There is no telling these powers will be used responsibly by future Governments. The fact is that though, many of their fears are, one hopes, unfounded it has many South Asians concerned for their future. There have been miscarriages of justice. The recent case of a British Bangladeshi man whose citizenship the Home Office removed, thus making him stateless.
So to those who this is scaremongering we say remember the plight of this man. To those who say that if you have done nothing wrong, then you have nothing to fear, we say: in an ideal world, yes, but the law is not infallible. Even Homer nods. In the event of a 9/11 like attack, politicians are apt to act rashly.
So when it comes to mitigating personal risk whether it is the rise of anti-Indian sentiment or indeed anything else, there are few better ways of doing than by Citizenship By Investment.
2. Freedom of Movement
Article 13 of the Universal Declaration of Human Rights asserts that:
“Everyone has the right to freedom of movement and residence within the borders of each state.”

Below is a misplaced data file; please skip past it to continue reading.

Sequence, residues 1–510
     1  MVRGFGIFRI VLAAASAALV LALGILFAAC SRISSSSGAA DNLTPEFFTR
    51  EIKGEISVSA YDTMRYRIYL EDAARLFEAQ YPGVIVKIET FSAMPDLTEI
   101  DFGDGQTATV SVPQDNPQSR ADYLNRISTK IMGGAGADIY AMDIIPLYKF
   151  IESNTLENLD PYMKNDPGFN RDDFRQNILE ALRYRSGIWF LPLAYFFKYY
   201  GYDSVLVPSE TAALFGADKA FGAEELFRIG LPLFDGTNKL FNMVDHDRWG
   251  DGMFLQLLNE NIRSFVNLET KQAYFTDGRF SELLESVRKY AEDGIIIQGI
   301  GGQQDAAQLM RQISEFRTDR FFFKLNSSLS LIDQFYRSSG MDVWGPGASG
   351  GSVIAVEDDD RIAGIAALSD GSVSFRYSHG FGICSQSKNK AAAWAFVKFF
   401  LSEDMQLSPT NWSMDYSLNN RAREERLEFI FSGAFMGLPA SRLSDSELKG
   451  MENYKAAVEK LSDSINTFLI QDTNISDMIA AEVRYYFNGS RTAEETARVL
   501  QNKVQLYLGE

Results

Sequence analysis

“Everyone has the right to leave any country, including his own, and to return to his country.”
During the COVID-19 pandemic which struck in 2020, restrictions on freedom of movement were introduced by many of the world’s governments. At present, New Zealand denies entry to all travellers except residents of Australia.
Before Covid, many of us took freedom of movement for granted. Lockdowns have many of us to reflect on what hitherto by an inviolable right and indeed to revaluate where we live. Over the last 18 months, many countries have banned entry to all but their own citizens. Spain did just that between December 2020 and May 2021 when the Spanish government denied entry to British nationals unless they were residents in Spain.
For Many Britons, Brexit has undoubtedly further complicated matters. That is why man Britons (many of whom are of Indian origin) and indeed those living on the Continent are turning to Citizenship by Investment as a solution. It is also the second reason why wealthy POI’s should consider Citizen by Investment
Residency in a EU country and indeed citizenship with many Caribbean countries allows one to travel visa-free within the Schengen zone. This is proving a real boon for those who do business or who have a second home in a country within the Schengen area.
3. Quality of Life
Naturally, this applies for the most part to Residency by Investment. Whether it is café culture and the splendours of Italian architecture, a pleasant climate, a safe tax environment, better prospects or excellent universities, and access to healthcare taking up residence in another country brings a myriad of benefits, many of them hard to quantify.
4. CBI Makes Financial sense
Many CBI scheme lure you with the promise of a favourable tax regime